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As I understand virtual particles pairs, e.g. electron and positron spontaneously pop into existence for tiny period of time, then they annihilate.

When virtual electron and virtual positron annihilate we should see two photons emitted to opposite directions, right? If so, shouldn't we detect photons appearing from vacuum for every such pair?

Also, when a pair of virtual particles pops near event horizon of a black hole one particle may be captured by the black hole, while the other escapes it. Both particles have mass and energy. Thus caught particle brings the black hole its mass. Then how the black hole loses mass through Hawking radiation? Shouldn't it gain mass instead?

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    $\begingroup$ I'd refer you to a question on Physics SE An Explanation of Hawking Radiation and similar questions there. $\endgroup$ – StephenG Mar 15 '18 at 13:04
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    $\begingroup$ You seem to be missing the point that the black hole is emitting photons, thus (theoretically) has given up mass to generate those photons. $\endgroup$ – Carl Witthoft Mar 15 '18 at 14:40
  • $\begingroup$ Carl, imho particles just appear near a black hole, not emitted by it $\endgroup$ – zuba Mar 15 '18 at 18:37
  • $\begingroup$ "Photons appearing from the vacuum for every such pair" would violate conservation of energy. $\endgroup$ – Peter Erwin Mar 16 '18 at 13:09
  • $\begingroup$ @Peter Ok, how two virtual particles "annihilate" without emitting photons? Maybe they do not "annihilate", but rather disappear? $\endgroup$ – zuba Mar 16 '18 at 13:25
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The black hole loses mass in order to generate the Hawking radiation. The energy carried by the radiation is exactly proportional to the mass lost by the black hole according to Einstein's formula E = mc^2

No new mass is brought into the Universe this way.

EDIT:

(Keep in mind the explanation below is not rigorous. As Stephen Hawking himself has said, this is more like a mental model, good enough to visualize things.)

Virtual particles are called virtual because they don't really "exist" in the common sense. They have mass and they have energy. Due to Heisenberg's uncertainty principle, it's okay if particles with a total energy E almost "exist" for a very short while, as long as they return to nothingness afterwards.

The production / destruction of virtual particles could happen all the time, anywhere, not just at the edge of a black hole. This is fine, as long as each particle only seems to "exist" a short time. Conservation of energy is not violated.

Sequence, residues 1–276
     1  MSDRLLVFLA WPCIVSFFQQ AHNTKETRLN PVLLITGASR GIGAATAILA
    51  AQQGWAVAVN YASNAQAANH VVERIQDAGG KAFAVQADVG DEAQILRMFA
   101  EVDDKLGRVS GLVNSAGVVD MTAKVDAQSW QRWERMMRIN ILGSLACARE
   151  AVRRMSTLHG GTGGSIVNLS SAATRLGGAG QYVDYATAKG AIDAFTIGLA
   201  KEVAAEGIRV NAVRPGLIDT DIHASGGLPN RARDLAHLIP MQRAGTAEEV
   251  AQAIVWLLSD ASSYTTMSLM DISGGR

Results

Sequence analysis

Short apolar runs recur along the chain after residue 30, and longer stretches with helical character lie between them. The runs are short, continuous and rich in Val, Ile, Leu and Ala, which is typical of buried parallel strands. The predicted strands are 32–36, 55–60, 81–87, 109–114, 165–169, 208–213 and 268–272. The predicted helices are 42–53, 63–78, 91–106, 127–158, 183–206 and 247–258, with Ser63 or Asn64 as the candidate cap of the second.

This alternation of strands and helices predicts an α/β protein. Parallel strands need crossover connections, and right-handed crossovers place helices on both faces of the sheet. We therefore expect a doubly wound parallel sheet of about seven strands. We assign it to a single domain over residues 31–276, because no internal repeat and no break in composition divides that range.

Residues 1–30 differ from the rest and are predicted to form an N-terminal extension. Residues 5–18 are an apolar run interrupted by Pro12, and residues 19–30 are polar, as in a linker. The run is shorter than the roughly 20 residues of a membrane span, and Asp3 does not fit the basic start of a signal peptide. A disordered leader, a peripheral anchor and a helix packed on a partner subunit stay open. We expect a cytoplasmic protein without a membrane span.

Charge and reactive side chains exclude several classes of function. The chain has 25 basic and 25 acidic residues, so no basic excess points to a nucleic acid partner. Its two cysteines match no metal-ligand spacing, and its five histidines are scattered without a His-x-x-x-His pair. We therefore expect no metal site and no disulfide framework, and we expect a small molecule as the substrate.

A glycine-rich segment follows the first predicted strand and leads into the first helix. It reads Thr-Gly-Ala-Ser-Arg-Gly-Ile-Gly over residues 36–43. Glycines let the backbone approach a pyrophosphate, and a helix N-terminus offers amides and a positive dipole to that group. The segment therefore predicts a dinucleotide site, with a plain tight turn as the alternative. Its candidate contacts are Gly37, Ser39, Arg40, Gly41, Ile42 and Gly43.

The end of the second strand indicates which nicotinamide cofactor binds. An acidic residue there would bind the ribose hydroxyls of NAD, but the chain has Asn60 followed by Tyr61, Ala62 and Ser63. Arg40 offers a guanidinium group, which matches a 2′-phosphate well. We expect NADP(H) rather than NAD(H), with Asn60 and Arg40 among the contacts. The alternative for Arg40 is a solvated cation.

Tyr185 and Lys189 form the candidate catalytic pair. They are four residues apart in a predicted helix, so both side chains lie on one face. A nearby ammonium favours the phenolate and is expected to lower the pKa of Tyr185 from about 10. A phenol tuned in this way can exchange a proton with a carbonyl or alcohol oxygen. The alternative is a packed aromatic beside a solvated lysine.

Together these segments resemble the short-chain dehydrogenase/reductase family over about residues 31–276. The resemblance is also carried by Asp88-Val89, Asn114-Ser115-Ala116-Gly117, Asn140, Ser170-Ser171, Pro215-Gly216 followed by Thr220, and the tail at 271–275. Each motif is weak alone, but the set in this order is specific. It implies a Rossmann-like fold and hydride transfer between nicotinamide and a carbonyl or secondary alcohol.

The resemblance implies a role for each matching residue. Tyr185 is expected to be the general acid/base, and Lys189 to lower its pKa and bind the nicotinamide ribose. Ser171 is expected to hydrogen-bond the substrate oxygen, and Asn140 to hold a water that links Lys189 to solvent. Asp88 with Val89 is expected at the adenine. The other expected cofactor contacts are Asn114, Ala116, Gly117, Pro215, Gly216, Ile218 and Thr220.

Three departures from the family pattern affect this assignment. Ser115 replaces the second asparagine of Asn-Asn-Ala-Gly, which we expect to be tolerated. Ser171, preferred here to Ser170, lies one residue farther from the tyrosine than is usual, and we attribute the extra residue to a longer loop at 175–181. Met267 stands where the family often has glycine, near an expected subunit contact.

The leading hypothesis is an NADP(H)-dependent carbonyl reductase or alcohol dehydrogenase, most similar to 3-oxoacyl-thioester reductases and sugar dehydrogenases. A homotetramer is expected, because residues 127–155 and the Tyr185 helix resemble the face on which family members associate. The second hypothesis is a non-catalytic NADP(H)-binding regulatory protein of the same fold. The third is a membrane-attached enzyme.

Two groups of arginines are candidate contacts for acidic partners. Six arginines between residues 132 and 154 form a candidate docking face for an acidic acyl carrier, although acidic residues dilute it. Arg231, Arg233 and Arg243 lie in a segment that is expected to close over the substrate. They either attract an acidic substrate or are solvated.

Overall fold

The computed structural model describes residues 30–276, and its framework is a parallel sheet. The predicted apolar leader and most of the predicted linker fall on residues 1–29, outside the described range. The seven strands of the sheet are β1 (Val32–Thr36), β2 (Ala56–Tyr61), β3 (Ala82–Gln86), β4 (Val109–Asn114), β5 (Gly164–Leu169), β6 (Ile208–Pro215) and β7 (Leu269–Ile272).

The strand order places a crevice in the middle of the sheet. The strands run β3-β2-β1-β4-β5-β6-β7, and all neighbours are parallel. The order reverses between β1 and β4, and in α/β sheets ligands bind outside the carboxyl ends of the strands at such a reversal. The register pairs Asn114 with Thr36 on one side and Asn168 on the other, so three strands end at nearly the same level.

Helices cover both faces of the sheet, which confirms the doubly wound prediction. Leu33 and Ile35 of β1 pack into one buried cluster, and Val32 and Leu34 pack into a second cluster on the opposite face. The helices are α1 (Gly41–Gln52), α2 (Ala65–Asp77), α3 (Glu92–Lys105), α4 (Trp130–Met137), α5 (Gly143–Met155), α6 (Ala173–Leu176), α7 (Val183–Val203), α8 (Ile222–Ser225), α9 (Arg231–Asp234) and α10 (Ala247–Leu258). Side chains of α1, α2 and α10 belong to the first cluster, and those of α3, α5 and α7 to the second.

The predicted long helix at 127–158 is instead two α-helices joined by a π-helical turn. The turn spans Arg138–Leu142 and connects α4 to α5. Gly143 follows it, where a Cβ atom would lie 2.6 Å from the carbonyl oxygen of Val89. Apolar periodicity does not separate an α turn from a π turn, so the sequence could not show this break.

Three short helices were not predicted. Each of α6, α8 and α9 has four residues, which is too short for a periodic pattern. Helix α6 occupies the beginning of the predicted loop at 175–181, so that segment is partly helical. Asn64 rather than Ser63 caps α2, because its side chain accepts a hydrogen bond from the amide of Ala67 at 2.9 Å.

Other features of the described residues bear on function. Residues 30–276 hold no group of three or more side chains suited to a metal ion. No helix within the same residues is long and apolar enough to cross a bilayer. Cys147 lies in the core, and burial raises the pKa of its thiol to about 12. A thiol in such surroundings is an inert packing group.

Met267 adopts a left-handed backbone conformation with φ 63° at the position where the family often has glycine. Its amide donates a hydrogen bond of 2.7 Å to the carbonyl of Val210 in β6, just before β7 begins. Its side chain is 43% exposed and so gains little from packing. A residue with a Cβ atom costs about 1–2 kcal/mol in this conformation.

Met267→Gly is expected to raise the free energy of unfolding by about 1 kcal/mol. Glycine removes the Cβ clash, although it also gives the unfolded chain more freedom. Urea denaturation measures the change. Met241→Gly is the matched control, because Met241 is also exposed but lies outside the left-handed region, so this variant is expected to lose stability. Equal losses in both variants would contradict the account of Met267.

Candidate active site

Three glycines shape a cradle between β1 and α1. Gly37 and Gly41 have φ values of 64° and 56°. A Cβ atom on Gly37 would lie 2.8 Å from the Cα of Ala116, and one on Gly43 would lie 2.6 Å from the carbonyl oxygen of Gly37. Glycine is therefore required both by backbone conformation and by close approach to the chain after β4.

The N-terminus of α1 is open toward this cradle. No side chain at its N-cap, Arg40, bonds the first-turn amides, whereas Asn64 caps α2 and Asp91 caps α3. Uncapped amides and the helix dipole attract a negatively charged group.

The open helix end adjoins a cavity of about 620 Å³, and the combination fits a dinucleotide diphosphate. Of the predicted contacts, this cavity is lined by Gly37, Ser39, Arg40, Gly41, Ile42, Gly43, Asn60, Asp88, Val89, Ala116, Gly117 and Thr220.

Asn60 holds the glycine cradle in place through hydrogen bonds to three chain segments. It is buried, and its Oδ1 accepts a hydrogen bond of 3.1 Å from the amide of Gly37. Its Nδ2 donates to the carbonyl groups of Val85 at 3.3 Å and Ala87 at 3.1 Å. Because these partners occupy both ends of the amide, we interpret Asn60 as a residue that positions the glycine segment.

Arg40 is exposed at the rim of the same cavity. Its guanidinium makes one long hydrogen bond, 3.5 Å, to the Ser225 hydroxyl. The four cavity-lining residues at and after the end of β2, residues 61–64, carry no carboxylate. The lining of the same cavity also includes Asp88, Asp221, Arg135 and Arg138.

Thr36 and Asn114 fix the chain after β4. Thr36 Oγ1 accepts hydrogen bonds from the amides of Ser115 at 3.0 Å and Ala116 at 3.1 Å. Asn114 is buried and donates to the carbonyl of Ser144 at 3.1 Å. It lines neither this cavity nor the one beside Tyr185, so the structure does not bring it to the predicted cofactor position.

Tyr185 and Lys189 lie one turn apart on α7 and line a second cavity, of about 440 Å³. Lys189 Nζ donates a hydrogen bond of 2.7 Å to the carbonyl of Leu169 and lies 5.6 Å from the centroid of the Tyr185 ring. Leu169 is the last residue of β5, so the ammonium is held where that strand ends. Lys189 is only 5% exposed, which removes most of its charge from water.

However, at the edge of a black hole, something different happens. You have a pair of virtual particles popping up into existence. Soon after, one of the particles is captured by the black hole, while the other particle moves away from it. Since the captured particle is virtual, it doesn't really have mass and/or energy. No new mass is added to the black hole.

Now the two particles cannot re-annihilate each other. So you have one lone particle moving away from the black hole. It's not a virtual particle anymore, it's a real particle. But it has energy and perhaps it has mass also. Where does the energy come from?

The energy required to make the new particle real comes from the gravitational field of the black hole. The black hole is losing mass in order to power the creation of real particles moving away from it.

Again, don't get stuck in details. This is not what really happens. This is more like a metaphor.

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  • $\begingroup$ Sorry, I don't see how that answers my questions $\endgroup$ – zuba Mar 15 '18 at 18:33
  • $\begingroup$ @zuba I made an edit with additional details. $\endgroup$ – Florin Andrei Mar 15 '18 at 19:10
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    $\begingroup$ @Andrei I'm quite confused as "Virtual particles are called virtual because they don't really "exist" in the common sense. They have mass and they have energy" doesn't match to "Since the captured particle is virtual, it doesn't really have mass and/or energy" $\endgroup$ – zuba Mar 15 '18 at 19:19
  • $\begingroup$ @zuba This is slowly becoming a quantum mechanics seminar :) and I've used a lot of non-rigorous similes in my explanation. I think if you keep reading about virtual particles it will become clear in the end. $\endgroup$ – Florin Andrei Mar 15 '18 at 19:39
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    $\begingroup$ @zuba I would suggest this page by Matt Strassler (profmattstrassler.com/articles-and-posts/…) as a partial explanation of why "virtual particles" -- better understood as complex disturbances in a quantum field -- aren't really like "real particles", which is why intuitions about how real particles behave can lead you astray. $\endgroup$ – Peter Erwin Mar 16 '18 at 13:05

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